purpose of identifying and deactivating a TPM’s capability that
affects the privacy of a user by carrying out undisclosed collection
or dissemination of personally identifying information reflecting the
online activities of a natural person. However, this exception is
limited to anti-circumventing provisions, but does not apply to
anti-trafficking provisions, which means that each user has to figure
out by himself how to identify and deactivate the mentioned
capability. In plain language, if a user is interested in protecting
his right to privacy, he needs to become a hacker in order to enjoy
the exception. As a result, the exception for protecting the right to
privacy is useless.

TPP requires countries to confer to both custom and criminal
prosecution authorities power to act ex-officio in order to enforce
intellectual property. According to the TPP proposal, custom
authorities should enforce intellectual property not only respect to
imported and exported goods suspected of infringing trademark or
copyright, but also respect to “in-transit” goods. Meanwhile, criminal
prosecution authorities should enforce criminal law without need for a
formal complaint by right holders.

Provisions on ex-officio enforcement raise concern related to the
public cost of enforcing private interest, and also because of its
potential use by governments for political persecution, particularly
in countries with precarious sense of democracy and human right
compliance. In recent months, authorities of Russia and Swaziland have
used the ex-officio actions to silence critical speech of
environmentalists and political dissidence. Unfortunately, TPP does
not adopt any measure to prevent that unintended use of ex-officio
enforcement.

The TPP proposal requires regulating Internet service providers’
liability for any potential online infringement of intellectual
property. It does not require ISPs monitoring of users, but it does
not prohibit it; instead, TPP requires cooperation between ISPs and
right holders. Cooperation between ISPs and right holders without
regards of users’ rights has been the way to implement the graduated
response (also known as three strikes policy) in countries like United
Kingdom and Ireland. Unfortunately, TPP does not prevent that, under
cooperation between ISPs and right holders, the former ones monitor
users.

Additionally, the TPP proposal requires implementing the disconnection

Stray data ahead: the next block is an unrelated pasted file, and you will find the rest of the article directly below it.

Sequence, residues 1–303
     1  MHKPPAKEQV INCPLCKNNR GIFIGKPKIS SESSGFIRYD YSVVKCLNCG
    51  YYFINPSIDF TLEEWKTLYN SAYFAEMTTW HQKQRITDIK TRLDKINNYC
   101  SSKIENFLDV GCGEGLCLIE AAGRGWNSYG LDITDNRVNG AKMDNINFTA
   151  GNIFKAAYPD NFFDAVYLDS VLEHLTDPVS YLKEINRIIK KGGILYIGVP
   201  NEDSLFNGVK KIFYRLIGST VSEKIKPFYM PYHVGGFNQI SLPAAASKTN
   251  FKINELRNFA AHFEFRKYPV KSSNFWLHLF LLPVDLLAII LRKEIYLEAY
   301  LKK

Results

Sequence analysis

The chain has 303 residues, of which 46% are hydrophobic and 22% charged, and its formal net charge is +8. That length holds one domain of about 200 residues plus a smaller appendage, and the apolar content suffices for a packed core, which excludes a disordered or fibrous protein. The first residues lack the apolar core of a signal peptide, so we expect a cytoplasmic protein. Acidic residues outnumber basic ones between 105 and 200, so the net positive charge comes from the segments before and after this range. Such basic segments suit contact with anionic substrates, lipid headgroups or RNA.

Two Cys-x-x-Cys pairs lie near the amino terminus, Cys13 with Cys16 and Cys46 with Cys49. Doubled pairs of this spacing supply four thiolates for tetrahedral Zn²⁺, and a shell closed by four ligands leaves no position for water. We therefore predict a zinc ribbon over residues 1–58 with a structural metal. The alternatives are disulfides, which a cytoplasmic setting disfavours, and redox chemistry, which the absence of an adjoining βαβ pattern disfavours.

from the Internet of supposed infringers of intellectual property, the
adoption of expeditious mechanisms for notice and takedown of
supposedly infringing contents, and the identification of users by any
ISP providing access to the Internet. Those measures are not available
in all the TPP-negotiating countries (e.g., Peru does not have any
copyright provision on ISP into its domestic law). Other countries
have made an effort to harmonize those measures with an adequate
protection for the right to privacy (e.g., Australia and Chile require
judicial control in order to take down content and identify users).
Instead, in the U.S. law, which is the base for the TPP proposal,
those measures have been criticized because they jeopardize the right
to privacy, among other human rights.

It may be recalled the fact that, during ACTA negotiations, presumably
because of the pressure of data privacy authorities of the European
Union, ACTA gave up some of those controversial measures (e.g., the
graduated response) and included some safeguards for privacy.
Unfortunately, none of the privacy safeguards adopted in ACTA seem
reflected in the TPP proposal.

Obviously, data privacy authorities of negotiating countries should
analyze the consistency of the TPP IP chapter proposal with existing
domestic law on privacy, particularly in countries with stronger
protection, such as Australia, New Zealand, Malaysia, Chile, and Peru.
Intellectual property enforcement may require processing personal
information, but it does not mean that the right to privacy must be if
not abolished nullify. At this point, unfortunately, the TPP proposal
jeopardizes the social interest involved in protecting privacy and
other fundamental rights, by omitting any consideration to them in its
provisions.


-- 
Manon Anne Ress
Knowledge Ecology International
1621 Connecticut Ave, NW, Suite 500
Washington, DC 20009 USA
http://www.keionline.org
manon.ress at keionline.org